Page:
Much of the property market news has shifted from our never-ending housing affordability crisis to the impending property market crash. There’s also been a spotlight placed on the Labor Government’s plans to reform negative gearing policy.
To appease those struggling to enter the property market, changes to current negative gearing policy were positioned as a way of limiting investor demand and in turn improving housing affordability. What wasn’t considered was the cyclical nature of markets and the natural slowdown in the Sydney and Melbourne markets, meaning in many ways what they have set out to achieve has already been achieved.
The tightened lending environment means that investor demand particularly in the Sydney and Melbourne markets has already fallen. We’ve begun to see a correction particularly in Sydney.
This proposal was introduced in 2016, the peak of Sydney’s property cycle. Currently, investors can claim a loss from a property’s rental income due to interest repayments and other outgoings as a deduction against taxable income. Investors can also claim a 50% discount on the tax payable on any capital gains accrued from the sale of a property held for more than one year.
The Labor Government proposal
Labor proposed the abolishment of the blanket negative gearing tax deduction for residential property investors and a reduction of the capital gains tax discount from 50% to 25%.
The original negative gearing benefits will still be applicable to properties purchased prior to these rule changes. Beyond these changes, only purchasers of brand-new properties will be able to negatively gear their properties. This change then becomes another major benefit to the already superior proposition of new property vs old.
In 1985, negative gearing was removed entirely and what followed was a significant increase in rents which peaked in June 1987. Research suggests that there’s a heavy concentration of investor-owned dwellings in the inner and middle-ring suburbs of our largest capital cities. Without this, rents will undoubtedly rise, having a negative impact on this aspect of housing affordability.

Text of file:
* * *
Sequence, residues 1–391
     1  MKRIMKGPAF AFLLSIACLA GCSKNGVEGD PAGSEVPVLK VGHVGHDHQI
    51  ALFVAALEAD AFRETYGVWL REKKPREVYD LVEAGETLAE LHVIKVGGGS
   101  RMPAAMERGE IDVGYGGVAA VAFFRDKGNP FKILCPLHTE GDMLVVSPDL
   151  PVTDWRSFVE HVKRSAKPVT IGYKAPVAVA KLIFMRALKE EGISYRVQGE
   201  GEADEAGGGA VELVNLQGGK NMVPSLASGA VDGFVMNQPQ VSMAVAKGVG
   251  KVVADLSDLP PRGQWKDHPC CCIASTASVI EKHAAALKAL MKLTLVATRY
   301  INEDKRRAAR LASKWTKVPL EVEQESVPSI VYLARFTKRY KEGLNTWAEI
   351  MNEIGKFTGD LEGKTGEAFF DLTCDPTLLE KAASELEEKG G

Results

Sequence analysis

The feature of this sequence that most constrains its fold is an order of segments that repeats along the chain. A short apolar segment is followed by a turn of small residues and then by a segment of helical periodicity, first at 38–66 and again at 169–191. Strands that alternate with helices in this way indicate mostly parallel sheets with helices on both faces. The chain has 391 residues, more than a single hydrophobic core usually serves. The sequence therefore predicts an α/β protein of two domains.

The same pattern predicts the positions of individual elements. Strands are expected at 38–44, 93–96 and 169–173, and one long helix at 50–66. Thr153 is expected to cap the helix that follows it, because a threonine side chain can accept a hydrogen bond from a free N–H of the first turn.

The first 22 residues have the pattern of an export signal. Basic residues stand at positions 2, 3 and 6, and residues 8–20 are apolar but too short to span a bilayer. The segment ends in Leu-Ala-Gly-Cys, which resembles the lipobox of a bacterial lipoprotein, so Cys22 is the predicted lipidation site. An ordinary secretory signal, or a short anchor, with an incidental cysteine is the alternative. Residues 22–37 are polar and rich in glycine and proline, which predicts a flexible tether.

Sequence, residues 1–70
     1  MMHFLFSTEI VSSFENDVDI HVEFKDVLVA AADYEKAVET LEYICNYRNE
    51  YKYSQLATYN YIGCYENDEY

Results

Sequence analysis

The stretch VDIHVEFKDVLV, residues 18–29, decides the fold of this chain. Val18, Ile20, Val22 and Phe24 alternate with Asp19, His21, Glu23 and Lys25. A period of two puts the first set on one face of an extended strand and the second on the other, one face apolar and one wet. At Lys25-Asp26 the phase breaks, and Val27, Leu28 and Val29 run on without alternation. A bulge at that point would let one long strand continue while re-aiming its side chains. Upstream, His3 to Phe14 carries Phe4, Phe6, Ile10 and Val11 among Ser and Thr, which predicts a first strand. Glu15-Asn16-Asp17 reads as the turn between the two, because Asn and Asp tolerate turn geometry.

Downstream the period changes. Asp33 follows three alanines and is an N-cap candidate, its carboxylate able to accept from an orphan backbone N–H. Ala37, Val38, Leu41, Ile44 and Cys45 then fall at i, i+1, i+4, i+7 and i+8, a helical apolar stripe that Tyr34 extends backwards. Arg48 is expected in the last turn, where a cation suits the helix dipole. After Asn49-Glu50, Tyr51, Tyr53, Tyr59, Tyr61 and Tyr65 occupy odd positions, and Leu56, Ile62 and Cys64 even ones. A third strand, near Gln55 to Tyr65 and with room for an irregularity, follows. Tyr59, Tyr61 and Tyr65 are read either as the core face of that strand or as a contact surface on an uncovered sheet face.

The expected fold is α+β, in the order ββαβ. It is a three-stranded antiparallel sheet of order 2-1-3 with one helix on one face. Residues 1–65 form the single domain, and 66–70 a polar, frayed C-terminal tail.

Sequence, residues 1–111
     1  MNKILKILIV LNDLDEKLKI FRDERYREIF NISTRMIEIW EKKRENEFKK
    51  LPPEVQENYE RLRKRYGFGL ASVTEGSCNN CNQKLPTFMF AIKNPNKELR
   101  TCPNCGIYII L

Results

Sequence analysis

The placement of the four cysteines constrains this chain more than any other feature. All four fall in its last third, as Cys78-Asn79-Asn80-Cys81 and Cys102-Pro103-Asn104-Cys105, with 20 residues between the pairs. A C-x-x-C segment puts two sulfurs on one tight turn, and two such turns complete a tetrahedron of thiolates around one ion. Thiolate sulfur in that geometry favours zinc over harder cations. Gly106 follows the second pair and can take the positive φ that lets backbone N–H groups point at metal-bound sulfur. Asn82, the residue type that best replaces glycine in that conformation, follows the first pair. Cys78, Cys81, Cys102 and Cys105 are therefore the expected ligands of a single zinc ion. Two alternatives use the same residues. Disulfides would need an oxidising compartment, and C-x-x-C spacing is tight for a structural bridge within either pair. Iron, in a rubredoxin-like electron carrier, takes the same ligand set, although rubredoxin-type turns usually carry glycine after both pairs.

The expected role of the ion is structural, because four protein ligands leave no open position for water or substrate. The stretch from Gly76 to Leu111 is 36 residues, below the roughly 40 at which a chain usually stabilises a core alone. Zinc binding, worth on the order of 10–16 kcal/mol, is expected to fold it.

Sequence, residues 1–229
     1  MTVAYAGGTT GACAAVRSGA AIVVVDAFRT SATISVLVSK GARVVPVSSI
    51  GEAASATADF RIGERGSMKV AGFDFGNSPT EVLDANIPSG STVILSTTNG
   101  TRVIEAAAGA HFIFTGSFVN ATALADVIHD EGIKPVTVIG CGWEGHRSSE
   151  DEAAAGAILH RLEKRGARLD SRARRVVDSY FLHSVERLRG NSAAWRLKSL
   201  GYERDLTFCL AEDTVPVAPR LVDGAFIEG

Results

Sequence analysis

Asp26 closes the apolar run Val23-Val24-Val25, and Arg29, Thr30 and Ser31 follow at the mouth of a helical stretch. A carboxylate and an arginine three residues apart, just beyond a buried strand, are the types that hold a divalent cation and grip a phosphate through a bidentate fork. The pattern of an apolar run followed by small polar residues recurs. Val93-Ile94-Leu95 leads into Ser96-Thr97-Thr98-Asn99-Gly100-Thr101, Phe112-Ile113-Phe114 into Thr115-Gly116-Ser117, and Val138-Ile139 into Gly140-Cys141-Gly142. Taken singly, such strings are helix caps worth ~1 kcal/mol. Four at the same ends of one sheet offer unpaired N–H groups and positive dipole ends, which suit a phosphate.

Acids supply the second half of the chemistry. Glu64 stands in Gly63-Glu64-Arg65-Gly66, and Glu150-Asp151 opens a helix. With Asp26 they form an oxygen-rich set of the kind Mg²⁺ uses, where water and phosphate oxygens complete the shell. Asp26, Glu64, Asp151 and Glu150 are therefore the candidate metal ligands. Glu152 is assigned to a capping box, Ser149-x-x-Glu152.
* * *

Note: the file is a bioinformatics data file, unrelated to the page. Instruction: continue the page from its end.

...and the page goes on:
Negative gearing also helps to create the supply needed to accommodate our growing population. The Labor Government often discuss the savings it will make by removing negative gearing however, they fail to mention that without investors the cost to the government of housing is far more.
On a $500,000 property, that is fully financed, the average annual tax benefit paid out by the government is around $8,000, this is far cheaper than the annual cost to the government of housing a household. Between 1985 and 1987, the numbers on the New South Wales housing wait list increased by over 30%, this occurred in only 18 months, and the trend was reversed by the re-introduction of the previous negative gearing rules. In 1985 investor finance accounted for only 13% of total housing finance. Now, this figure sits around the 40% mark indicating that the affects this time would be far more significant.
Based on what occurred between 1985 – 1987, we are likely to find that this isn’t a very successful strategy.
Business as usual for Blue Wealth clients
For existing Blue Wealth clients, the change will not affect them if the policy change does occur, it will only affect future investors who invest in an established/second hand property.
From the negative gearing change perspective, these changes will reduce the market’s investor demand for second hand properties. What this means for investors is that it’s extremely important to have purchased properties which appeal to the owner occupier market, this will expand your potential buyer pool and improve resale value.
Considering an exit strategy and owner occupiers
If you’re already a Blue Wealth client, you’ve done this. Our strict research methodology has been in place for many years, ensuring our clients have invested in properties which were larger than the average, more efficiently designed and of the highest level of quality. These aspects make them desirable to the emotional owner occupier purchaser for whom negative gearing policy is not a consideration.
Buying well is the key to a successful strategy and for many years we’ve stressed the importance of buying a well-valued property rather than a cheap property, these policy changes make this principle more important.
You would’ve heard us talk about exit strategy and the importance of buying a property which appeals to the largest portion of the resale market, owner occupiers. We will continue to provide options which meet this criterion to our clients to ensure they continue to buy highly desirable assets in great locations, that are less susceptible to the risks of a changing market.
Capital gains tax
In terms of the changes to the capital gains tax laws, the current scheme allows a 50% tax discount on any capital gain if a property is held for more than 12 months. For example, if a property is purchased for $500,000 and sold 2 years later for $700,000, the purchaser has benefitted from a $200,000 capital gain.
Under the current law, you are only taxed on $100,000 of this gain. The proposed change will see you taxed on $150,000 of this capital gain.
In summary, time will tell if these proposed changes occur and what affect they will have on the market. One thing’s for sure though, these tougher markets are putting us in a position to negotiate some of the best opportunities for our clients we’ve ever seen. Our clients will continue to buy high quality assets that appeal.